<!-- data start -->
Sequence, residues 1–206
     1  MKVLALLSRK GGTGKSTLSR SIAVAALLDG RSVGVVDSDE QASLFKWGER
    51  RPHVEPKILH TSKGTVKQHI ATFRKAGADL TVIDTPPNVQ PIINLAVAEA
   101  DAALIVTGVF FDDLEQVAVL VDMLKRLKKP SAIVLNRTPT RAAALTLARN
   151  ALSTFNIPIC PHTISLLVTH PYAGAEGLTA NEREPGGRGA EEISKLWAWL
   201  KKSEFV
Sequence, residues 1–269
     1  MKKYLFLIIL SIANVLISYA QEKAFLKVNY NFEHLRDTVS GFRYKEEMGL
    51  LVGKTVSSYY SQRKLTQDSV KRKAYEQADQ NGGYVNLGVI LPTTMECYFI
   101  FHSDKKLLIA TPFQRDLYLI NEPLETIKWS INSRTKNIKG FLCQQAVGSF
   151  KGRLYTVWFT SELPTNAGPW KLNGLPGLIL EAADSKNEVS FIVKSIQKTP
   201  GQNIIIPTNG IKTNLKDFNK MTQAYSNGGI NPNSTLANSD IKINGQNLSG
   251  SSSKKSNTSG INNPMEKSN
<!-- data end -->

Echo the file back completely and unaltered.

Sequence, residues 1–206
     1  MKVLALLSRK GGTGKSTLSR SIAVAALLDG RSVGVVDSDE QASLFKWGER
    51  RPHVEPKILH TSKGTVKQHI ATFRKAGADL TVIDTPPNVQ PIINLAVAEA
   101  DAALIVTGVF FDDLEQVAVL VDMLKRLKKP SAIVLNRTPT RAAALTLARN
   151  ALSTFNIPIC PHTISLLVTH PYAGAEGLTA NEREPGGRGA EEISKLWAWL
   201  KKSEFV
Sequence, residues 1–269
     1  MKKYLFLIIL SIANVLISYA QEKAFLKVNY NFEHLRDTVS GFRYKEEMGL
    51  LVGKTVSSYY SQRKLTQDSV KRKAYEQADQ NGGYVNLGVI LPTTMECYFI
   101  FHSDKKLLIA TPFQRDLYLI NEPLETIKWS INSRTKNIKG FLCQQAVGSF
   151  KGRLYTVWFT SELPTNAGPW KLNGLPGLIL EAADSKNEVS FIVKSIQKTP
   201  GQNIIIPTNG IKTNLKDFNK MTQAYSNGGI NPNSTLANSD IKINGQNLSG
   251  SSSKKSNTSG INNPMEKSN